Five ways small businesses can be more efficient in 2021


According to Judo Bank, around 160,000 of Australia’s two million small businesses could go under as a result of the COVID-19 pandemic. However, there are steps SMEs can consider taking to position themselves favourably against their competitors when looking ahead to surviving and thriving in 2021.

The pandemic has forced businesses to rethink and consider where effective change can be introduced. These considerations cannot only improve our prospects now but ensure we are better placed for the future. 

Here are five ways to prepare your business now and start 2021 with efficiency and confidence.

1. Know your problem 

Too often we feel the pressure to make fast decisions with the focus solely on finding a solution. If you don’t know what the problem is, how do you know what to fix or how much is it going to cost if you get it wrong?

Taking the time to be educated on business problems and potential pitfalls will empower you as a leader to make the right decisions for your team and business from the start.

2. Include your team

There is no-one in your organisation better equipped to identify where problems may lay and there is no benefit in changing things without having buy-in from those that will be most impacted. 

Collaborating with your team will not only provide you with unrivalled insights, but it will also build a positive team culture of inclusion, unity and respect. It provides a space for your team to feel like they are heard and are personally contributing to a greater goal. 

3. Review your business processes

Staying open to insights and understanding the ‘current state’ of your business is crucial to the success of any organisation. Business processes always come with two measures: “How much time does this process take to complete?” and “How much does that time cost?”

When reviewing your business processes, provide yourself with the opportunity to consider:

  • Is the right team member responsible for this process?
  • Could this process be automated?
  • Am I utilising the right tools or technology to complete this action?
  • Is this process hindering or helping my team?
  • Is it financially viable to keep this process in its current state?
4. Understand your market

The potential need for business change and improvement doesn’t always only come from within. Your client and potential clients should have a valid say too and understand what their pains and they’ll appreciate their insight being valued. 

You must also look at:

  • how our clients’ needs have evolved
  • do their pains exist at all anymore
  • is there a new type of client/market that we should be focusing on
  • whether your product/service is still relevant.
5. Embrace your business data 

Data can come in many forms and from a range of sources. System generated data from software, business programs (eg Xero) and apps provide great insight, as does communicating with team members and clients through surveys.

Most of the time data answers to your questions are already right in front of you. Don’t be in a rush to get to the point of implementing a solution without first being educated on where your attention is truly needed.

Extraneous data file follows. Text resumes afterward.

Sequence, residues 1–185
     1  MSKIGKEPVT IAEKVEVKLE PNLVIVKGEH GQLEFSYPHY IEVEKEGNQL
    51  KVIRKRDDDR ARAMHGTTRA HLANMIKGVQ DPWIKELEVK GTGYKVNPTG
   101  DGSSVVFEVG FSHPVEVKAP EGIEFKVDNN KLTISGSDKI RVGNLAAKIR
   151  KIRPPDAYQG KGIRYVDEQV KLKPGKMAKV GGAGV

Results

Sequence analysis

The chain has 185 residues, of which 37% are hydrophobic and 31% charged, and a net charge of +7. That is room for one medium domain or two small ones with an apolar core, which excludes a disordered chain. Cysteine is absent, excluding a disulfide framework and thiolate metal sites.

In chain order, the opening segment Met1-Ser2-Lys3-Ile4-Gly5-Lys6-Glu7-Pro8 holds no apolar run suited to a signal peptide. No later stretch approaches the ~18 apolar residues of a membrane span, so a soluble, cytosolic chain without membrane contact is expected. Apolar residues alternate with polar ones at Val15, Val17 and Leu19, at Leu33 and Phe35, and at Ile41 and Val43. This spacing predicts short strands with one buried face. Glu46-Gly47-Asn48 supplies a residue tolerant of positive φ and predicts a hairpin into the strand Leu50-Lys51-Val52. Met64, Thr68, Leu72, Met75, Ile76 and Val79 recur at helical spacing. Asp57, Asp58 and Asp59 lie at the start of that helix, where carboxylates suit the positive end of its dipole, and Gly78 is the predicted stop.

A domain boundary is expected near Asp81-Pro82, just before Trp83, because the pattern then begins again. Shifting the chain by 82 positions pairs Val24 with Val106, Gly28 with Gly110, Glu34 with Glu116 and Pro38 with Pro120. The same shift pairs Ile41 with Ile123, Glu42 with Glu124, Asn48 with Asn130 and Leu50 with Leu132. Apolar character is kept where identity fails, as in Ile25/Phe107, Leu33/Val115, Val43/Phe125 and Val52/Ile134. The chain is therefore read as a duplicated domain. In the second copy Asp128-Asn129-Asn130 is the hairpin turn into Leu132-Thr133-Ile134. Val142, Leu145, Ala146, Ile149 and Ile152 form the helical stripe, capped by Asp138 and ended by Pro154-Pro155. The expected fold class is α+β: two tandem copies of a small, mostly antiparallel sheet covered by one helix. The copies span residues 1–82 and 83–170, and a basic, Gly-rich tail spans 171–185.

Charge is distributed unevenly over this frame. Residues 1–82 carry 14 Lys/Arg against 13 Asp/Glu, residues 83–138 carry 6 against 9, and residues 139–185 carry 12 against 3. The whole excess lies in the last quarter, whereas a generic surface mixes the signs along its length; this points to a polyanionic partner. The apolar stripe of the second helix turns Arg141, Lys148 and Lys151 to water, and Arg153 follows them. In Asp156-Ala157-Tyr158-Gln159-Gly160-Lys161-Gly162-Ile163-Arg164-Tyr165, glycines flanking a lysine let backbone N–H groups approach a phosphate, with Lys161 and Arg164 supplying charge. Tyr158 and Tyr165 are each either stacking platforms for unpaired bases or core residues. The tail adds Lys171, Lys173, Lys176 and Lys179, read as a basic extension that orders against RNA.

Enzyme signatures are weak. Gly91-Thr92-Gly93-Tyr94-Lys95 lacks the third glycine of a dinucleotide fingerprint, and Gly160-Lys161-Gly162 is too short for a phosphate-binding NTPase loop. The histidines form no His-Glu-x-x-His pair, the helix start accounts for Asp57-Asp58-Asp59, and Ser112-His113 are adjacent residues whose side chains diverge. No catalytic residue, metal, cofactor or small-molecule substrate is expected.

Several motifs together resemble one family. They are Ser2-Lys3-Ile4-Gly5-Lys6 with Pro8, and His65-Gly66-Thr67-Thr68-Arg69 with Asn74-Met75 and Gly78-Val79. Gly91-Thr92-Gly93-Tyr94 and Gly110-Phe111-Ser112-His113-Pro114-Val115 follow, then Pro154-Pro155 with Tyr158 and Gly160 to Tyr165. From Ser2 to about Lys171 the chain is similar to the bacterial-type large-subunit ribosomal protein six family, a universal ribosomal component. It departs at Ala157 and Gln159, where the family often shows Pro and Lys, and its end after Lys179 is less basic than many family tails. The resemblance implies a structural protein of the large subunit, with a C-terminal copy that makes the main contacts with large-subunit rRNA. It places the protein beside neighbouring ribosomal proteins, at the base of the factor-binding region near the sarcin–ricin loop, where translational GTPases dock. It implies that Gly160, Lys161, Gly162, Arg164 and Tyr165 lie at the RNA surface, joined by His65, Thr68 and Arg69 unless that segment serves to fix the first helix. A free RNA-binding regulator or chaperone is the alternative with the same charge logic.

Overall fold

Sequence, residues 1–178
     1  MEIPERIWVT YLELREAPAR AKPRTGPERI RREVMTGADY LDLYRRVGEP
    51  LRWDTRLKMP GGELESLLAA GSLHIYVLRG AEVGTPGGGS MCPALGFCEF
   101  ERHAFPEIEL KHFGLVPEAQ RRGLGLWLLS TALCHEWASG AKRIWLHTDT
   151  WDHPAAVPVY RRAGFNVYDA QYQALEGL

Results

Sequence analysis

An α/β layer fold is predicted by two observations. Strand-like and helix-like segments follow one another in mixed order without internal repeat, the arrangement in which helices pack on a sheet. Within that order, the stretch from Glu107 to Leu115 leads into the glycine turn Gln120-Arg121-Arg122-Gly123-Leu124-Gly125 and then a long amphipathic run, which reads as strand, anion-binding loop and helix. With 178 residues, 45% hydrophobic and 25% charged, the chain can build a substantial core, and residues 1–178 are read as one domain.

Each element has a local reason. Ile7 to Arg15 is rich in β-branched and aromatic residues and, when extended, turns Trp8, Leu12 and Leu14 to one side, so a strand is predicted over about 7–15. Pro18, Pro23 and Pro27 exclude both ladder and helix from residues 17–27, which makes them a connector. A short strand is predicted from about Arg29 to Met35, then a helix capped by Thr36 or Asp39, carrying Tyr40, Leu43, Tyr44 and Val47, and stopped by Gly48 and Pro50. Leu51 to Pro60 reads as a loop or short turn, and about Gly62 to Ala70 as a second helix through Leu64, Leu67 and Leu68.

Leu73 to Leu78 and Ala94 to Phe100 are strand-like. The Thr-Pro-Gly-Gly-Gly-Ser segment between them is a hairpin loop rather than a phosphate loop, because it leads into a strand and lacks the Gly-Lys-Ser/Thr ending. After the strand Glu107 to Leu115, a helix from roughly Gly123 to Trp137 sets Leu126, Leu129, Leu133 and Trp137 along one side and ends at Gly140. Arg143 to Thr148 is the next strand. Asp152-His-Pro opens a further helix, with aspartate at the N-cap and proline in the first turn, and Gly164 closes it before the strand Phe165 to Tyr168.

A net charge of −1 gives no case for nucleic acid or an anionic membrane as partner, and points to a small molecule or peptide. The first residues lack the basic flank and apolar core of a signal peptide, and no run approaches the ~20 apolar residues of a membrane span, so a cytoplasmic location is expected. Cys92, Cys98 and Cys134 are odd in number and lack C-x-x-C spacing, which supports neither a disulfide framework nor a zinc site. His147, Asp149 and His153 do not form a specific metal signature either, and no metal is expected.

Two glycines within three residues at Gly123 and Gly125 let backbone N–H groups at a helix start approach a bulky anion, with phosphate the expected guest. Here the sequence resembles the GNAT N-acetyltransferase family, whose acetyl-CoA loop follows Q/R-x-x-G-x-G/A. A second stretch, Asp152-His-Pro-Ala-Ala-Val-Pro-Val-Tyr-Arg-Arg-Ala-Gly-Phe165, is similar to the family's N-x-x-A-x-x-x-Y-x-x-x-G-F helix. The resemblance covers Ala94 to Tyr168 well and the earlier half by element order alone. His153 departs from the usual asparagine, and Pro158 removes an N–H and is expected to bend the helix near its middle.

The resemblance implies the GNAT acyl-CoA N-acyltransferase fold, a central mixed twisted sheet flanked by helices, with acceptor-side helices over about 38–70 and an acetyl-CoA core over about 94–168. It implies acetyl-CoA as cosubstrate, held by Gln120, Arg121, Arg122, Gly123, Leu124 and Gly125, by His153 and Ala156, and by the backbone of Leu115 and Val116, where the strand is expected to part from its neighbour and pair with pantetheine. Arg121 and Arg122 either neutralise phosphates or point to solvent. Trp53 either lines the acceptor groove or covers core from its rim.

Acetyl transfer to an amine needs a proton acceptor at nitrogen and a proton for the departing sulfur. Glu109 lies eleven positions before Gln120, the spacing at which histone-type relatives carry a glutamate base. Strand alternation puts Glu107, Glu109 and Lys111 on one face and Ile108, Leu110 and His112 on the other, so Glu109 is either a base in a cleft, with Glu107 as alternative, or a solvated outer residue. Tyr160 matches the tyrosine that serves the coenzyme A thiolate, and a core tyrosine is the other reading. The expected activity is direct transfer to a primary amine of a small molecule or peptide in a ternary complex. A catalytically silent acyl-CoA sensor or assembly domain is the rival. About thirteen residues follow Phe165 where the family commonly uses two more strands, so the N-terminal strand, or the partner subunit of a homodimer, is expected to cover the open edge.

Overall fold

Look at how you can make improvements and understand how to effectively use the findings and lessons to build a plan to tackle 2021 with a positive head start.

Zoe Savic, Chief Operating Officer, Cogniom



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2021 Kia Sorento Hybrid, A Stylish, Efficient In-Betweener


As 2020 draws to a close, crossovers of various flavors remain the most popular form factor in the American automotive market so it’s important for manufacturers to keep those products fresh. That’s exactly what Kia is doing and by the end of 2021 it should have at least five models that are less than two years old including the just launched fourth-generation Sorento. Along with a fresh design, like many other new utilities, the Sorento is now also offered with an optional hybrid powertrain for the first time.

The Sorento shares its basic platform with the new K5 midsize sedan that launched earlier in the year as the replacement for the Optima. Like the K5, the Sorento features the brand’s new design language including a fresh take on the “tiger nose” grille treatment. There is no longer a body colored gap between the LED headlamps and the grille area. The grill itself is also more concave than before. This gives the fascia a somewhat more sporting and aggressive stance. 

For the most part the exterior is clean as the past two generations of Sorento have been, but the designers have added a couple of questionable flourishes. Where many other vehicles feature a faux vent in the area between the front fender and doors, the Sorento has a piece of chrome trim that clearly isn’t trying to be anything functional, it just sits there with no real purpose. Similarly, behind the rear doors is a sort of reverse shark-fin that extends about halfway up the C-pillar from the chrome trim surrounding the side glass. While these bits clearly distinguish the Sorento from the dozens of other crossovers out there, deleting either or both probably wouldn’t do any harm. Aside from that the rest of the body is well proportioned and has a sporting stance.